11. The method of claim 10, wherein the fermented cereal is administered in an amount providing at least 2×1011 cfu of said Lactobacillus plantarum cells on a daily basis.

12. The method of claim 10, wherein the fermented cereal is administered in an amount providing at least 5×1011 cfu of said Lactobacillus plantarum cells on a daily basis.

13. The method of claim 10, wherein the fermented cereal is administered in an amount providing at least 36 g (dry weight) of fermented cereal on a daily basis.

14. The method of claim 10, wherein the fermented cereal is administered in an amount providing at least 90 g (dry weight) of fermented cereal on a daily basis.

15. The method of claim 1, wherein the fermented cereal comprises at least 1×108 cfu/ml of said Lactobacillus plantarum cells.

16. The method of claim 1, wherein the fermented cereal comprises at least 1×109 cfu/ml of said Lactobacillus plantarum cells.

17. The method of claim 1, wherein the fermented cereal comprises at least 0.05 g/ml (dry weight) of fermented cereal.

18. The method of claim 1, wherein the fermented cereal comprises at least 0.1 g/ml (dry weight) fermented cereal.

19. The method of claim 1, wherein the fermented cereal comprises at least 0.18 g/ml (dry weight) fermented cereal.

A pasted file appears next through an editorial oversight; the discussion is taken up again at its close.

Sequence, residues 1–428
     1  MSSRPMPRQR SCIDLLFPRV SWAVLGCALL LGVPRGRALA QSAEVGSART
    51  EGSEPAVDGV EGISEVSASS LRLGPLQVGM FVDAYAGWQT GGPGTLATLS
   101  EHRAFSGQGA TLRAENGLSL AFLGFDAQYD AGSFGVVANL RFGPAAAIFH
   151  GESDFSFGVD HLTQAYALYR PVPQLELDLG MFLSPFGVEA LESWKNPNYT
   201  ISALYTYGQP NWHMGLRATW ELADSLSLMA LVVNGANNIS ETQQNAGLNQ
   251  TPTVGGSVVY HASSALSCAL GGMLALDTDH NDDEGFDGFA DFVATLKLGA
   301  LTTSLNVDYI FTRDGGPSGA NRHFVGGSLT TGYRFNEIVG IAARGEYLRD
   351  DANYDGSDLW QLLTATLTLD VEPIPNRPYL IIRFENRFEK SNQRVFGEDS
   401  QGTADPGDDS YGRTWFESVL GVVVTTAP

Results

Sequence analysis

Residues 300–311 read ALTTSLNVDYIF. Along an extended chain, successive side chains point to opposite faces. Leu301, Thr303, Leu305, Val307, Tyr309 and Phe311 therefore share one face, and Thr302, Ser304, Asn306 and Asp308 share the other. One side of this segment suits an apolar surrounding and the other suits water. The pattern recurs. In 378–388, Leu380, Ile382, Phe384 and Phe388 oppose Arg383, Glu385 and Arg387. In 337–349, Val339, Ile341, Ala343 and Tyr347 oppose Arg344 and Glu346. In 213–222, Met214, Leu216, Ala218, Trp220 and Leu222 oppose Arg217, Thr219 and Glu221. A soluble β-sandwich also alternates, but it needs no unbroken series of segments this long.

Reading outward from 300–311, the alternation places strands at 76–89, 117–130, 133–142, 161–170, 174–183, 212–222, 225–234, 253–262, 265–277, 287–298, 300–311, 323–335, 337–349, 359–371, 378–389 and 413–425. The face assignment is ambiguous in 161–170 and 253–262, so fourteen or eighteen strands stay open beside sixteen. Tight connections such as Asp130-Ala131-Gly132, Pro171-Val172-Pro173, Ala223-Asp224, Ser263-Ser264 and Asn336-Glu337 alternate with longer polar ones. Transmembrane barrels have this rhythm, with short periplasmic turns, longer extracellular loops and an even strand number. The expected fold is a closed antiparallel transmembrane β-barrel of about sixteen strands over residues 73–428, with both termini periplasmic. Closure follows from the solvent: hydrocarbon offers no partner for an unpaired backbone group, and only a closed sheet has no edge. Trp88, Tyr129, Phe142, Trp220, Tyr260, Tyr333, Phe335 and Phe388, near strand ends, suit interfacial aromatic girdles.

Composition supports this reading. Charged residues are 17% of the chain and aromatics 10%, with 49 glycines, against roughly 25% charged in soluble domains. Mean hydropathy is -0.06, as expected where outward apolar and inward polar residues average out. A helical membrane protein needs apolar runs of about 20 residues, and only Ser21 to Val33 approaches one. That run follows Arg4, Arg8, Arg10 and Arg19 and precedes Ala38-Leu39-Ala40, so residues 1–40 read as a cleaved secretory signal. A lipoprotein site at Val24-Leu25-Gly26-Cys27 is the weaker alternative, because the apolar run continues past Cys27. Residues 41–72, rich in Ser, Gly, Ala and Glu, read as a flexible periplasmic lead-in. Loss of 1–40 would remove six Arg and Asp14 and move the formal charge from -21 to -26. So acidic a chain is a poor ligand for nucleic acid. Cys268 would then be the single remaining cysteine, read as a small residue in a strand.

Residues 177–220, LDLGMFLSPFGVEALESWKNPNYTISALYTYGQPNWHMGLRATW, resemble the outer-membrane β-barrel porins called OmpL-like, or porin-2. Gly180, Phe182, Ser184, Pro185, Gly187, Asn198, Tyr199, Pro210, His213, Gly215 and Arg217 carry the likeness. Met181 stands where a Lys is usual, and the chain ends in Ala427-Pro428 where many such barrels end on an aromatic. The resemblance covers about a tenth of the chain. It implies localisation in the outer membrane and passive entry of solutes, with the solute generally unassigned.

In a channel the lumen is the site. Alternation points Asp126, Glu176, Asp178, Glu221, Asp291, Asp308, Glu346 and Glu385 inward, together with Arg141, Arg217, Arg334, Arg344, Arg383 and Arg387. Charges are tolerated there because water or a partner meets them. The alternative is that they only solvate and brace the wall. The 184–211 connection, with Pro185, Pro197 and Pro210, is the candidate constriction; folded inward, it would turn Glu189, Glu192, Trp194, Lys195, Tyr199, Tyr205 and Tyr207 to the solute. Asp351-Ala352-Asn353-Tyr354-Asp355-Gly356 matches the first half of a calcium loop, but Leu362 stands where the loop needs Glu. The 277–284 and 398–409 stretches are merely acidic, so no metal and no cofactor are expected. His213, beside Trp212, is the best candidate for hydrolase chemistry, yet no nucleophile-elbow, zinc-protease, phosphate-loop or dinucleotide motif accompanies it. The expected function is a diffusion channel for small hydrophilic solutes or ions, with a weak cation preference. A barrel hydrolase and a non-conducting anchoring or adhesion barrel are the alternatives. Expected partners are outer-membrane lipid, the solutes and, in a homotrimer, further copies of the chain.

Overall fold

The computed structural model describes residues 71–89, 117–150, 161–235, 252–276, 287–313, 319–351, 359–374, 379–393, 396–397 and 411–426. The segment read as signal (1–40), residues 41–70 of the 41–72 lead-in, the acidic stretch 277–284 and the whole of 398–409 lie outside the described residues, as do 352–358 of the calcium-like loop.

20. The method of claim 1, wherein the fermented cereal comprises added lecithin or added phosphatidylcholine and is orally administered.

21. The method of claim 20, wherein the fermented cereal is administered in an amount providing at least 0.1 g added lecithin or phosphatidylcholine on a daily basis.

22. The method of claim 20, wherein the fermented cereal is administered in an amount providing at least 0.5 g added lecithin or phosphatidylcholine on a daily basis.

23. The method of claim 20, wherein the fermented cereal is administered in an amount providing at least 1 g added lecithin or phosphatidylcholine on a daily basis.

24. The method of claim 1, wherein the fermented cereal further comprises one or more food additives, medical additives, taste enhancers, food colors, pH or osmosis regulators, vitamins, herbs, herbal components, minerals, viscosity regulators, lipids, emulsifiers, glutamine or other amino acids, antioxidants, blood pressure regulators, or pain relief substances.

25. The method of claim 1, wherein the fermented cereal further comprises an additional active agent suitable for treatment of gastrointestinal disorders.

26. The method of claim 1, wherein the fermented cereal is administered in the form of a drinkable, eatable, anally administrable, or tube administrable product.

27. The method of claim 1, wherein the fermented cereal comprises fermented oats, lactic acid bacteria, and added lecithin or phosphatidylcholine and is orally administered.

28. The method of claim 1, wherein said symptom of IBD is selected from the group consisting of abdominal pain, diarrhea, bloody stool, increased number of daily stools, deficiency of intestinal mucus, loss of weight, and tiredness.